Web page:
• Using student achievement as one of multiple aspects of teacher evaluation. Scores matter, but they’re far from the whole picture: for instance, teachers shouldn’t be on the hook for children who arrive in class just a few months before testing

• Encouraging districts facing challenges to collaborate with teachers and parents to change school schedules, calendars, and instruction methods–longer school days, for instance, may help raise student achievement

• Working with parents, teachers and administrators in chronically underperforming schools to restructure schools under proven models, such as CommPACT and Innovation schools

• Supporting community schools that provide children and families with wrap-around health, mental health, and other services and serve as true centers of the community

• Supporting vo-tech schools. Rather than closing schools like Wright Tech, we will make sure we have skilled trade workers to install solar panels, build high-speed rail, and power our 21st century economy

• Ensuring community colleges, universities and businesses work together on curricula and internships, so students graduate with the skills to land a great job 

• Creating a full loan repayment program for students at state colleges and universities who study high-demand fields like renewable energy and stay in state after graduation

Lamont’s “Better Schools for Better Jobs” is the fifth comprehensive policy plan of his campaign for governor. The education plan works in tandem with Lamont’s plans to create jobs, revitalize Connecticut’s cities, reduce energy costs and fix the state’s transportation system. To view the full education plan, please visit: action.nedlamont.com/page/s/education

From State Elections Enforcement Commission:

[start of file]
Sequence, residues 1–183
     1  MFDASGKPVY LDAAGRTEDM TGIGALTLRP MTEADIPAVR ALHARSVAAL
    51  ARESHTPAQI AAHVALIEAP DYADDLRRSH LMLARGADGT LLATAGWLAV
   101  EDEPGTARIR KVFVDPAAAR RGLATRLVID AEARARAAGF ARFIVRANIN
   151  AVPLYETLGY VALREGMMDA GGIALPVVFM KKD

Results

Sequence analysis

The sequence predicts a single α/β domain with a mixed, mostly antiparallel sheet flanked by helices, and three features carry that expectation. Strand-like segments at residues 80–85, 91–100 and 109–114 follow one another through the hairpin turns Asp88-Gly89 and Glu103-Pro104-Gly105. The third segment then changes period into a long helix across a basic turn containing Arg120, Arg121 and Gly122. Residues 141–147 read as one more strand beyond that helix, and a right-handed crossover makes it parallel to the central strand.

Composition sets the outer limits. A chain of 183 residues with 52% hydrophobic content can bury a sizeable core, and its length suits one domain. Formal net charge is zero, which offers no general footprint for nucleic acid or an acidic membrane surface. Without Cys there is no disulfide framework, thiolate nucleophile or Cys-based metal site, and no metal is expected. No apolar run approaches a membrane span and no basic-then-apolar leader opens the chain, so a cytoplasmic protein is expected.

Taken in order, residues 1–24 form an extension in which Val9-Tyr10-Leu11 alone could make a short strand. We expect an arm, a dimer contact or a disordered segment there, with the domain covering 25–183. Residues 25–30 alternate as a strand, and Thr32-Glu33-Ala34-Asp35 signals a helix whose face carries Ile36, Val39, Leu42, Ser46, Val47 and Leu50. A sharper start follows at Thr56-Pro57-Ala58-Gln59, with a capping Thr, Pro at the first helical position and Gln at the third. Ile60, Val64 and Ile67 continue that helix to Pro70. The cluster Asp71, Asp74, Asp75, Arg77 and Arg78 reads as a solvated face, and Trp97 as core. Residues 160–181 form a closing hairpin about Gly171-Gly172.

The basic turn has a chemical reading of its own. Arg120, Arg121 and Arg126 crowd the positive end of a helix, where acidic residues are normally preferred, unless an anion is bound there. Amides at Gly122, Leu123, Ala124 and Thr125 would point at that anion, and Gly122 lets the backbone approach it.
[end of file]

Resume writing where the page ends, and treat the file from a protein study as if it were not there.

Public Campaign Financing Sought for Primaries

HARTFORD, CT—July 8, 2010. With action at today’s meeting, the State Elections Enforcement Commission has awarded grants from the Citizens’ Election Fund to gubernatorial candidate committees running in both major parties.

By a unanimous vote, commissioners awarded a grant of $1.25 million to the combined candidate committee of Michael Fedele and Mark Boughton, who are seeking the Republican nominations for governor and lieutenant governor respectively. Last month, the commission awarded a grant to “Dan Malloy for Governor,” the candidate committee for Dan Malloy, who seeks the Democratic Party’s nomination for governor.

“We are thrilled that gubernatorial candidate committees from both sides of the political aisle have opted to run campaigns relying on public financing,” said Al Lenge, the Commission’s Executive Director and General Counsel. “This only further illustrates the fact that the issues of campaign finance reform and clean elections transcend political divisiveness.

“Removing special interest money from politics is not the province of one political party. This issue crosses political boundaries.” Both Fedele and Malloy face candidates who have injected large sums of their personal wealth into their campaigns.

In his April 10th periodic report, Fedele’s opponent, Tom Foley, reported that he had raised more than $2.4 million for his candidate committee. Because of that fact, the commission also awarded a supplemental grant to the Fedele/Boughton campaign of $937,500. Fedele and Boughton announced that they were running a joint campaign as allowed under Connecticut General Statutes section 9-709. As a combined committee, the candidates will receive a single grant, which can be used to benefit both candidates.

“Candidates Fedele and Boughton opted to combine their campaigns, as specifically allowed under Connecticut’s campaign finance statutes,” said Beth Rotman, the Commission’s director of public financing. “The Citizens’ Election Program gives the candidates some latitude in how they want to run and finance their campaigns, while still remaining within the public finance program.”